The Puppiness Project – Encourage Bad Behavior

Gretchen Rubin wrote in The Happiness Project about the year she spent “test-driving the wisdom of the ages, the current scientific studies, and the lessons from popular culture about how to be happy.” The Puppiness Project is my attempt to learn the same from Honey, my Golden Retriever.

Obey the Scent

Golden Retriever

My favorite position: nose down, tail up.

When we first tried K9 Nose Work with Honey, our instructor told us to do everything we could to rev up her excitement levels. Nose work class was a “no obedience zone.” We were told not to correct Honey, make her sit, stay, or do anything else that sent a signal that nose work was about anything but having fun.

While it’s important to have good manners in most settings, nose work class was all about increasing the drive to sniff.

One of the hardest things for Honey to learn in nose work is that the item she’s supposed to find might be located over her head. Honey has never counter surfed. And getting her to raise her head to search for smells off the ground took her a while to master.

You see, Honey’s such a good girl she doesn’t even want to look like she’s counter surfing.

Good Behavior Kills Fun

I frequently see a bumper sticker around town: “Well-Behaved Women Seldom Make History.” The quote is by Pulitzer prize-winning social historian Laurel Thatcher Ulrich.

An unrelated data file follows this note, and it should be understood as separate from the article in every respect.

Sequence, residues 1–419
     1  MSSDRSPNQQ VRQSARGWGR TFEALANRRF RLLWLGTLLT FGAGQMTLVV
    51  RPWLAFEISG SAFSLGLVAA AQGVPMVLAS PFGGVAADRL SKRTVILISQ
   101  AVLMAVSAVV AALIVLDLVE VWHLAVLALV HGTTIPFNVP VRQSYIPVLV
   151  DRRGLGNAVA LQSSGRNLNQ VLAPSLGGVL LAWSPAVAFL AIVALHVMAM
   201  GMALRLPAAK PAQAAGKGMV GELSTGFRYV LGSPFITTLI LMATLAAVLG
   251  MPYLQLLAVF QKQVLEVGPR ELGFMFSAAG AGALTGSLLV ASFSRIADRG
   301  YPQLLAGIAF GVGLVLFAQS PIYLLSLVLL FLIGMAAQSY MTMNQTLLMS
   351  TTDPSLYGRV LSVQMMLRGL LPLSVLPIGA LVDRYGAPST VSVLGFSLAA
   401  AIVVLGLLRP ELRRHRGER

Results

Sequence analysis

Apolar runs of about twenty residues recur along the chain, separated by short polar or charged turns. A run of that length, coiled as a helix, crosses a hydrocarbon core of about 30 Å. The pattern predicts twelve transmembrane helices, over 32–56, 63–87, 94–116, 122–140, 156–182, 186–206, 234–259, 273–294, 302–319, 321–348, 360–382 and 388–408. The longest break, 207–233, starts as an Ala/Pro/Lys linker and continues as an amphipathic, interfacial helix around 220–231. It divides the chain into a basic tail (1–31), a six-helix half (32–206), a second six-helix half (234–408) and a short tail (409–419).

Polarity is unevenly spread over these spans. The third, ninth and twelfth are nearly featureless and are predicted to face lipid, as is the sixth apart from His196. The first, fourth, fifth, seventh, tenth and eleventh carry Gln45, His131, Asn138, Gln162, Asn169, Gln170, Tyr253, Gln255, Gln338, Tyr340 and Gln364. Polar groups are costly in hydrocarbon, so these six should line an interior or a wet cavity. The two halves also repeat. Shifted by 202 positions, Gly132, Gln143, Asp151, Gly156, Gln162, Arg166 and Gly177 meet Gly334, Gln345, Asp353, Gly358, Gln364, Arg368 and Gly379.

It’s not often that academics see their words plastered on t-shirts and bumper stickers. But this phrase has resonance with a lot of women. And it has resonance with me.

I am insanely driven to be obedient.

Right now, at the top of the WordPress dashboard while I’m typing is the message, “WordPress 3.3.2 is available! Please update now.” And I feel incredibly guilty that I haven’t yet done just that.

When I was a little girl, I remember my dad saying to me, “A lady always carries a purse.” That simple phrase has seen me taking a purse camping, strapping it over my shoulders before hopping on a bike, and cramming one into my backpack full of books just to be sure I was in compliance with paternal wisdom.

Of course, keeping track of a purse while camping or riding a bike doesn’t exactly add to the fun. And the really crazy thing? The only things I have to put in a purse are a tube of lipstick, a change purse, and my keys—all things that easily fit into a jacket pocket.

Breaking the Law (Soundtrack here)

It’s time to start breaking some rules. And it’s all Honey’s fault.

Updating WordPress is going to have to wait. I’d want to fit in some training with her teeter board and bicycle cart before I go to work.